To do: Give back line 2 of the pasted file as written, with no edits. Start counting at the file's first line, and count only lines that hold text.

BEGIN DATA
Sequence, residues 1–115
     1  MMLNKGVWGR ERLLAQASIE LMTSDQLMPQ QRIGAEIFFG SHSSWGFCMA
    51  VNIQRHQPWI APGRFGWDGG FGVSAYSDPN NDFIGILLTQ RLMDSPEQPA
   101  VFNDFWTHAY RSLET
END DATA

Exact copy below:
     1  MMLNKGVWGR ERLLAQASIE LMTSDQLMPQ QRIGAEIFFG SHSSWGFCMA